Toward Imperial Rivalry

Despite working fabulously well for many elites, this trans-Pacific neoliberal consensus began to crumble even before Trump took office. The cost of Chinese labor increased significantly in the 2000s, and therefore the most wage-sensitive industries (such as garments and toys) began to migrate to cheaper locales. After the 2008 crisis, China realized it needed to be less dependent on American and European consumers and made efforts—largely unsuccessful thus far—to increase domestic consumption. Equally significant was the development of huge and innovative capitalist firms in China that could compete with their U.S. counterparts. As Chinese corporations were no longer satisfied with their junior partner status within global supply chains, the U.S. became increasingly concerned about competition in the highly profitable capital- and knowledge-intensive sectors of the economy.  

On the American side, the past five years have seen the emergence of a rare bi-partisan consensus in Washington that the U.S. must not let China attain economic dominance. The federal government has discarded the neoliberal playbook and is using a whole range of interventions to try to derail China’s ascendance. This includes massive subsidies to U.S. industries (notably via the CHIPS Act), export bans on semiconductors and other advanced technology, and, improbably, a newfound commitment to labor rights in China. The clearest example of this is the Uyghur Forced Labor Prevention Act, which presumes that commodities from Xinjiang are produced with forced labor and therefore subject to “withhold and release orders” from Customs and Border Protection unless it can be proven otherwise.

To be clear: the assimilationist and brutally repressive campaign against Uyghurs and other Muslim minorities in northwestern China is one of the most egregious social catastrophes in the world today. There is also ample evidence that forced labor is widespread in the region and that American and other foreign corporations have profited from these arrangements. It is reasonable for governments to take steps to prevent their companies from benefitting from forced labor, and we should support pressuring Beijing to end the human rights catastrophe in Xinjiang.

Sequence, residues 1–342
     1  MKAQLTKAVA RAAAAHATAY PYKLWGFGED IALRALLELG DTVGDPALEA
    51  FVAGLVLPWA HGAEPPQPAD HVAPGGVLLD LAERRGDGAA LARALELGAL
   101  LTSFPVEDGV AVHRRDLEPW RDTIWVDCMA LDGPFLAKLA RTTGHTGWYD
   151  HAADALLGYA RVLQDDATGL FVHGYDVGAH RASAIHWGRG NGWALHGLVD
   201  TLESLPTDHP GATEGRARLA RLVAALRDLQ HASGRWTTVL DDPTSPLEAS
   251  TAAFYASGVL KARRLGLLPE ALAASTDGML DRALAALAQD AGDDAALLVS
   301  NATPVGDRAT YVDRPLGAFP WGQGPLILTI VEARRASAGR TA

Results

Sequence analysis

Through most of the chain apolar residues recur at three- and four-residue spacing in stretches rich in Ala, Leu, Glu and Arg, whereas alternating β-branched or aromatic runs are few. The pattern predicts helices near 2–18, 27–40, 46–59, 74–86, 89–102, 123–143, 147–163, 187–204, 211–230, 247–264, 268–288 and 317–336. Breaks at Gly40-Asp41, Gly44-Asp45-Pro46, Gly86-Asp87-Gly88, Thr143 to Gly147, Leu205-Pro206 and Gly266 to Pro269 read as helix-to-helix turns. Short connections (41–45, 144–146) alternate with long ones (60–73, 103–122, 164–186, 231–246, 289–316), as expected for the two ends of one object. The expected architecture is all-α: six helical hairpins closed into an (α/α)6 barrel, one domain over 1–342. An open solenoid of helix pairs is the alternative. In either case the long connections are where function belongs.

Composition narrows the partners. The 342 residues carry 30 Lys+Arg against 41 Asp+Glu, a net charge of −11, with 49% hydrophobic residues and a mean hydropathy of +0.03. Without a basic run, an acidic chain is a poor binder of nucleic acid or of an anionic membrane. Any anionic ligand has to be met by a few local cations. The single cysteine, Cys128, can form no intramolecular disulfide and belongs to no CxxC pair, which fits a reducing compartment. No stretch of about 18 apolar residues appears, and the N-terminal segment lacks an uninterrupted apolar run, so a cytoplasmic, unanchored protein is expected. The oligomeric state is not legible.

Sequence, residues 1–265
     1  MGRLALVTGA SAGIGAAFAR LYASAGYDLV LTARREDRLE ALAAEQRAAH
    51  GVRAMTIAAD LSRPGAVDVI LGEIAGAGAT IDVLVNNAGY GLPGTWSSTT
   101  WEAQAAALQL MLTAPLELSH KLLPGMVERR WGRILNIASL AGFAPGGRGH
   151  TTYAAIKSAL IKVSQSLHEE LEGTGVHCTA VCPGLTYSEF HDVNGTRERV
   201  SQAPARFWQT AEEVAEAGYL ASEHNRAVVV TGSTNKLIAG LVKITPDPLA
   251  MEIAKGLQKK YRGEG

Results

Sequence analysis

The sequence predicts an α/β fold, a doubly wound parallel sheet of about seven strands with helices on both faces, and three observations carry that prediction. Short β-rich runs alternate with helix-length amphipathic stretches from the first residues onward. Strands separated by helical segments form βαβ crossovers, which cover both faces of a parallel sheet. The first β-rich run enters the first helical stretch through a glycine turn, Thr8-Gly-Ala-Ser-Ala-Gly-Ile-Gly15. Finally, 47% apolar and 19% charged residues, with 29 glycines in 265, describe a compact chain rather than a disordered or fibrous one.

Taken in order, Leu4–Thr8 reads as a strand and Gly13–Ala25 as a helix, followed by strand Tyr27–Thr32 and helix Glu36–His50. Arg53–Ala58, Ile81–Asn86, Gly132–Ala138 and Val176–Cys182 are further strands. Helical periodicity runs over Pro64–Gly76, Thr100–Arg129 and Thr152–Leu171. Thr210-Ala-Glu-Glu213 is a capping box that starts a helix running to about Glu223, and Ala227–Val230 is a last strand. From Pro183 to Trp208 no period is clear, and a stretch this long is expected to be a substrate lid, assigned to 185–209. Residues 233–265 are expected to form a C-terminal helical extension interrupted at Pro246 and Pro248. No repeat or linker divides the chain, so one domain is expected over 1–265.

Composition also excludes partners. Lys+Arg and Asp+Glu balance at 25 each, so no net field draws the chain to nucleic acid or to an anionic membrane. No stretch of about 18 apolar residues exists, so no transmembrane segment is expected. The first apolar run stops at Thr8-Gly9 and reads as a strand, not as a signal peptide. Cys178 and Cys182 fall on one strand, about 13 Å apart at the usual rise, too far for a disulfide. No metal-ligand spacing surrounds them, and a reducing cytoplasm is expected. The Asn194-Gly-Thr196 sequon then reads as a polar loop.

The problem is that this effort is narrowly focused and fundamentally driven by a desire to contain China. By targeting just one region, the implication is that the U.S. can accept forced labor or other egregious rights violations so long as they take place elsewhere. If corporations interpret recent efforts to address forced labor in Xinjiang as geopolitically motivated, they will feel emboldened to recreate lawless and exploitative labor regimes in an allied nation.

United States Trade Representative Katherine Tai has repeatedly argued that the Biden administration wants to promote a “worker-centered trade policy.” At a minimum, this is a rhetorical advance over Donald Trump’s unapologetic economic nationalism. It also serves as a counterpoint to China’s vision for reforming the global trade system, as the Beijing-backed Regional Comprehensive Economic Partnership contains no labor provisions whatsoever. Nonetheless, the recent focus on labor rights abuses in China must be broadened to include nations that are not imperial rivals. If U.S. corporations simply re-locate lawless and exploitative supply chains to India or countries in Southeast Asia, the underlying problem has clearly not been addressed. A trading system that advances the interests of workers cannot be subordinated to geopolitical convenience; it must be comprehensive in scope and valued intrinsically.